Zach Carter, the Huffington Post’s “senior political economy reporter,” recently joined radio host Hugh Hewitt for a rather embarrassing on-air interview in which Hewitt revealed that Carter’s outspoken views on the Iraq War, Dick Cheney, and more were somewhat lacking for historical context. (Audio here, via Hewitt’s website.)
Carter had publicly blasted Cheney for remarks the former vice president had made on Hewitt’s show last week about Iraq and the threat of terrorism, arguing that the vice president hadn’t offered adequate explanations for the 2003 invasion.
Carter admitted in the segment that he hasn’t read the memoirs of Cheney, George W. Bush, Bill Clinton, or Hillary Clinton, noting that he tries to avoid books written by politicians “as a matter of principle.”
In Hewitt’s interview with Cheney, Carter had argued, Cheney said that the administration was dealing with plans in the event of a nuclear collapse, and that the Iraq War was one of the things that they’d done to keep Americans safe from such a possibility.
“Now Zach, he actually said nothing remotely like that. I’ve gone over it,” Hewitt said. “You completely mischaracterized what the vice president said.”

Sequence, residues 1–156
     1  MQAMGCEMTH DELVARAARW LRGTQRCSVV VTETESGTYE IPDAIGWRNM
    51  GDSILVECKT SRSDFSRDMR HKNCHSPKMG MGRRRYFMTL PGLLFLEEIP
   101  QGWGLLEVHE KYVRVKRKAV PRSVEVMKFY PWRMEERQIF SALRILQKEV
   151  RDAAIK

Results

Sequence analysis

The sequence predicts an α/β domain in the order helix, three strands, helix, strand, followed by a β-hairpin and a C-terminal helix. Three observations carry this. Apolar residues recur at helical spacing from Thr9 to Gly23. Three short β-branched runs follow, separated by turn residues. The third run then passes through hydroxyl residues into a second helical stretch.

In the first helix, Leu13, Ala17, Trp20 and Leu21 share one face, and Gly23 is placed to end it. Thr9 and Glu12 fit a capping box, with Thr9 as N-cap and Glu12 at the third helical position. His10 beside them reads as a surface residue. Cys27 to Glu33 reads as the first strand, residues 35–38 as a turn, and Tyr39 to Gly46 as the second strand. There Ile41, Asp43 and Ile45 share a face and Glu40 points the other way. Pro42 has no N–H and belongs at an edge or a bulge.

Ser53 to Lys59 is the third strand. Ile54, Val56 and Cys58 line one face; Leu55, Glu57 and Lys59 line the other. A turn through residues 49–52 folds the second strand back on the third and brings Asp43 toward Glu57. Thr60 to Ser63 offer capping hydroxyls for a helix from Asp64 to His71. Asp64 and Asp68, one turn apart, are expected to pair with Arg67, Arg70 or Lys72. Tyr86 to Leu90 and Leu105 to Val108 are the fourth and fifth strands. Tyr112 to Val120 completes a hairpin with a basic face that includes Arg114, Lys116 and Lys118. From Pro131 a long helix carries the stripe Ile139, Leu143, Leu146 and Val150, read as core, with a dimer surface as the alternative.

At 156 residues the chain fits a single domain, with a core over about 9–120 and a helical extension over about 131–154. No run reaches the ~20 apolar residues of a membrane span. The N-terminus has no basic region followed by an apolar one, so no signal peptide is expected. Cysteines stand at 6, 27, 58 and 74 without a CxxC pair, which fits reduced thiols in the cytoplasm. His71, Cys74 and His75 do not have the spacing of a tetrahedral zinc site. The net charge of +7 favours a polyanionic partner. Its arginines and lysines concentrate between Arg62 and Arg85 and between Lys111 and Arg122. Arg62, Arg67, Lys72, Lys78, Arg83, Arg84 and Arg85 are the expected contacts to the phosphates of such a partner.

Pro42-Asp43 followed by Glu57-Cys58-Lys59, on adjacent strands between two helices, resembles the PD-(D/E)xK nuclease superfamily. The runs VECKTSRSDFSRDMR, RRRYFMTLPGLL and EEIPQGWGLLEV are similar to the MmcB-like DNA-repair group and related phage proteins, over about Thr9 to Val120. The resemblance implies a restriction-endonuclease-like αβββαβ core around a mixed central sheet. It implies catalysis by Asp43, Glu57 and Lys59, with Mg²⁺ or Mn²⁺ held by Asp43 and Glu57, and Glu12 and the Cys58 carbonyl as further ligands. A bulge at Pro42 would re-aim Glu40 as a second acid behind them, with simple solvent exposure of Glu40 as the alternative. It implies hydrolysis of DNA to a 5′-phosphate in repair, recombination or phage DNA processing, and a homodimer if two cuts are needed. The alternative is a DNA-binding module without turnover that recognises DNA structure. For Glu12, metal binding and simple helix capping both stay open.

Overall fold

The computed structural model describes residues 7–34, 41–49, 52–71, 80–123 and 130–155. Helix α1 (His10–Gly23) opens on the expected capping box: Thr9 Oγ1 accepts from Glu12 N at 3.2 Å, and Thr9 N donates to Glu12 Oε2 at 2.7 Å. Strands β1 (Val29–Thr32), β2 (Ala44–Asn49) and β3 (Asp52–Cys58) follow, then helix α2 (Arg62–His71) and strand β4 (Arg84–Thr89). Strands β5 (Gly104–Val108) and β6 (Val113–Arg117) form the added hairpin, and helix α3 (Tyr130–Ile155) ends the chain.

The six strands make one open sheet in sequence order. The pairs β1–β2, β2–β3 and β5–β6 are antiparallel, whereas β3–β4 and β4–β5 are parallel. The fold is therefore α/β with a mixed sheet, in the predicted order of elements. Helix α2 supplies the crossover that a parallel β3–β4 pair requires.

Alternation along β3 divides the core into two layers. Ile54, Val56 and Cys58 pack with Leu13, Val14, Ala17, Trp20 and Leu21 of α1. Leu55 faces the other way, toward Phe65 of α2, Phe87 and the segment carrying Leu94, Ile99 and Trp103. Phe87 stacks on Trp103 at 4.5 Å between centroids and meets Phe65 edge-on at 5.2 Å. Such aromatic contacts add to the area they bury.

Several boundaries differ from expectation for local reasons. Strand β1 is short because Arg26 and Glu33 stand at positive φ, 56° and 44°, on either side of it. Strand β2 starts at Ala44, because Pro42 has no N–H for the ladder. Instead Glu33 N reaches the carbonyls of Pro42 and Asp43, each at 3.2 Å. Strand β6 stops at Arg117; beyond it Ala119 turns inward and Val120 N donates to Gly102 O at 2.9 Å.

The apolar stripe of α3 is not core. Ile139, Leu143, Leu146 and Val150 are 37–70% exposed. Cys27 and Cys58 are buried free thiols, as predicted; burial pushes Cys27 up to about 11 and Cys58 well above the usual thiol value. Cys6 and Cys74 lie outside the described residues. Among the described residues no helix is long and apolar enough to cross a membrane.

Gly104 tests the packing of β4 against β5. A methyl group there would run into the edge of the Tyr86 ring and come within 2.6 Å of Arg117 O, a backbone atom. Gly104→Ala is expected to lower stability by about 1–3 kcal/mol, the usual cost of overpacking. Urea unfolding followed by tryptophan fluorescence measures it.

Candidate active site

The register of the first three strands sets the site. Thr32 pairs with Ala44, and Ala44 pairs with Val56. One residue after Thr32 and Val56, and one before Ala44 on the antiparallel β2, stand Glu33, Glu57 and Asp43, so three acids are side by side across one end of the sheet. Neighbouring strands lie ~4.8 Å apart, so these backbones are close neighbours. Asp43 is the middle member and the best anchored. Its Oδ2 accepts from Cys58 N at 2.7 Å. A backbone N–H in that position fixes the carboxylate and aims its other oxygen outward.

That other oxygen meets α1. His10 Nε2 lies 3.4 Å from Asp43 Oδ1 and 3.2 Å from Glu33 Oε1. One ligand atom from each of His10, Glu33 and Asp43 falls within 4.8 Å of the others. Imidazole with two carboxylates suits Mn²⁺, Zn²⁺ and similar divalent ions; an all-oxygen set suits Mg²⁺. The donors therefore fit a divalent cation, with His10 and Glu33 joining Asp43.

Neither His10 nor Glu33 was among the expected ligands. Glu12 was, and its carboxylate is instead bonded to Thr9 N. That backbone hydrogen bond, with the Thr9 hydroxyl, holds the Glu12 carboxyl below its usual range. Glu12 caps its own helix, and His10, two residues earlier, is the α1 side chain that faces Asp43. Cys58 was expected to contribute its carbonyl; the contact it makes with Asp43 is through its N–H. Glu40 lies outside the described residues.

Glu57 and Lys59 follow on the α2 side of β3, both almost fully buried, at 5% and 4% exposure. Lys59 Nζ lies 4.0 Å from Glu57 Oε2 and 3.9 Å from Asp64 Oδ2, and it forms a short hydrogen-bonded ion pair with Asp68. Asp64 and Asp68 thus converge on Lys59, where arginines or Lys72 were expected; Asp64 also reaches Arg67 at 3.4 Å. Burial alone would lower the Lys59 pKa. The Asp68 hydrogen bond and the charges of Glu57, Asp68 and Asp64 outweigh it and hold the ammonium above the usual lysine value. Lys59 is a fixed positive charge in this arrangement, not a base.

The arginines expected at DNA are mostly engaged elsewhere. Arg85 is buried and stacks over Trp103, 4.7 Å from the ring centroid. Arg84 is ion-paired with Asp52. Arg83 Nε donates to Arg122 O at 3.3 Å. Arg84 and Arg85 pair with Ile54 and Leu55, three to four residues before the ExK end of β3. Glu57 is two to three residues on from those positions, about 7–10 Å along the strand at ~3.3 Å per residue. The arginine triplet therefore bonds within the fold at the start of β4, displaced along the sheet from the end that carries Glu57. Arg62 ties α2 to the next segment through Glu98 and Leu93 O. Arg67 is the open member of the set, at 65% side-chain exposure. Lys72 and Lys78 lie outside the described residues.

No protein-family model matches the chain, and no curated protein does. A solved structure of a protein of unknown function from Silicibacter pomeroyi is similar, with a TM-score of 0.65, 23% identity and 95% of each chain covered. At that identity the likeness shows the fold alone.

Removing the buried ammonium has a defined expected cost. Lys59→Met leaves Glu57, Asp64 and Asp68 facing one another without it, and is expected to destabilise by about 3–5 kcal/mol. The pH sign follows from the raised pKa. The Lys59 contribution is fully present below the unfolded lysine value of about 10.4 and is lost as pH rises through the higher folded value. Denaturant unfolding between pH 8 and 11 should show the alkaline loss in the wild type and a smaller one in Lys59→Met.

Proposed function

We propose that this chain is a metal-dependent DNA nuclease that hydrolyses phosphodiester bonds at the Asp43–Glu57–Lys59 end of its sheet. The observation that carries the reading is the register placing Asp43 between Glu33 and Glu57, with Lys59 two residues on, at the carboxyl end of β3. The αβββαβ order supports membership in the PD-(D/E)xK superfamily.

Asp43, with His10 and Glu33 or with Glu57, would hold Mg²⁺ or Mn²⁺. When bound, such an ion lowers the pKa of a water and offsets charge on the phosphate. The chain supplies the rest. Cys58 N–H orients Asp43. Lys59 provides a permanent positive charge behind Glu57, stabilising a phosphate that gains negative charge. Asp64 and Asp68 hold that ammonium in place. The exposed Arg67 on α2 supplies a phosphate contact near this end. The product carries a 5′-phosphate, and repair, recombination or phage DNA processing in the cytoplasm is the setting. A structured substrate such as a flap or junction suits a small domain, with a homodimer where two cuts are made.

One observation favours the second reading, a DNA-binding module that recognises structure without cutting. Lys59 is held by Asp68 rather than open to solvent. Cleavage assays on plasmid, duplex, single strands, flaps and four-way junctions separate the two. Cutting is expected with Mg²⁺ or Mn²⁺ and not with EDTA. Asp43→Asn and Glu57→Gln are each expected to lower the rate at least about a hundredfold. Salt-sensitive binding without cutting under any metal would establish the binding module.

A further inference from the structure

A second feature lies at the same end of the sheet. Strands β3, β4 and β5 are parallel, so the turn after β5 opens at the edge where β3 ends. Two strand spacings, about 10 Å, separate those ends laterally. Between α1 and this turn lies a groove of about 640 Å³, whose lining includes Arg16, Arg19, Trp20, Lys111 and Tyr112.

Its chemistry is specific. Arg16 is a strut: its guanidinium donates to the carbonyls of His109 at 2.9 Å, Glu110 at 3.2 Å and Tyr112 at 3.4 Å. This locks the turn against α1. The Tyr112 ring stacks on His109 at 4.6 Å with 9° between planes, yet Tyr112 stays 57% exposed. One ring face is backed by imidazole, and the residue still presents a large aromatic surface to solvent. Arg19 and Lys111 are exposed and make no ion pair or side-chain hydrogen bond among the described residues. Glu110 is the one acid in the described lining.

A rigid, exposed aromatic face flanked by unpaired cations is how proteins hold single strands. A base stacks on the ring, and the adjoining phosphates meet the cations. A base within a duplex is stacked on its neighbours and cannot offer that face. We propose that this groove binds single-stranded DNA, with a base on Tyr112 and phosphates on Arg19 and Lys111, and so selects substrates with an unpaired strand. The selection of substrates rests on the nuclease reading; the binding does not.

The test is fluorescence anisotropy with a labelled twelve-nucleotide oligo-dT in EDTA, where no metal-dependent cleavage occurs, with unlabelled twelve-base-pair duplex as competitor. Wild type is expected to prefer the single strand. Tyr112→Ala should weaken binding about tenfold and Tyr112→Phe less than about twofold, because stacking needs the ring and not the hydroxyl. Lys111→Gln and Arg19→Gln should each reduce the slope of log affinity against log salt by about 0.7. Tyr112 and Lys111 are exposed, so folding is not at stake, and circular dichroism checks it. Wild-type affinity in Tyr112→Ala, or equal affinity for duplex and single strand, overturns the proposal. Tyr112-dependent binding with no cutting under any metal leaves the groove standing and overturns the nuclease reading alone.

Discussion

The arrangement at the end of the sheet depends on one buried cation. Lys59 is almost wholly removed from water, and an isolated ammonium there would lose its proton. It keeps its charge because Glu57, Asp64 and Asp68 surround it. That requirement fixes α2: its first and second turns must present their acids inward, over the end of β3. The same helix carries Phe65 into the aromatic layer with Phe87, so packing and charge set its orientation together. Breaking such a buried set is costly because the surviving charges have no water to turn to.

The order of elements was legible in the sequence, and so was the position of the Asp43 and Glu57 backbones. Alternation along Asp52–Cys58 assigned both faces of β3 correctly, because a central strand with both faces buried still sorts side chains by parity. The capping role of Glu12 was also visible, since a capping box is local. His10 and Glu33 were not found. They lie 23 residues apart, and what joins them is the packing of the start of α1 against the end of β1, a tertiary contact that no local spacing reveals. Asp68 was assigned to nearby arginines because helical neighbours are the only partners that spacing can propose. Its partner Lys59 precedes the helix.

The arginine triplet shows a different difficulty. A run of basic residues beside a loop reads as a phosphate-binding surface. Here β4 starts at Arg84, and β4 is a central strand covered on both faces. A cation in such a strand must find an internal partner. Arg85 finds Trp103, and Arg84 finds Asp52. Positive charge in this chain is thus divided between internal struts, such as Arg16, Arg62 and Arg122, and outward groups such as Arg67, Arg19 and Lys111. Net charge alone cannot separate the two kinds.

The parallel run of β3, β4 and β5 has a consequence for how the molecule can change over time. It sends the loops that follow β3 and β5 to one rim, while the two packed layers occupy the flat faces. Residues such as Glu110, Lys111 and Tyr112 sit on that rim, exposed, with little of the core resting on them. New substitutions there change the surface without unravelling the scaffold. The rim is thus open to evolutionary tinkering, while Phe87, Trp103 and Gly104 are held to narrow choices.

Throughout the interview, Carter revealed some substantial gaps in his knowledge of the topic on which he’d criticized Cheney. Hewitt rattled off the titles of many books about Iraq and the Middle East that Carter had never read or heard of, including Bernard Lewis’s Crisis of Islam, Robin Wright’s Dreams and Shadows, and Thomas P. M. Barnett’s The Pentagon’s New Map.
“So how in the world do you presume to know the threats the United States faces, as opposed to, say the secretary of defense?” Hewitt asked.
When Hewitt asked about the implications of President Bill Clinton’s air strikes on Iraq in 1998, Carter said he didn’t know that had happened.
Cheney’s statements on Iraq, Hewitt explained to Carter, were based upon four years as secretary of defense, eight years as vice president, and time as White House chief of staff.
“In other words, he has lots of reading, lots of experience on which to assess risk,” he said. “You apparently read very little, but presume very much, take conventional wisdom for granted, and don’t know why Bill Clinton bombed Iraq in 1998.”
Hewitt also asked, unrelated to the main topic of the interview, a question he always asks young-journalist guests: whether the interviewee has heard of Alger Hiss. Carter had not, though he told Hewitt that if he’d been asked whether Hiss was guilty of being a Soviet spy, he’d have said yes.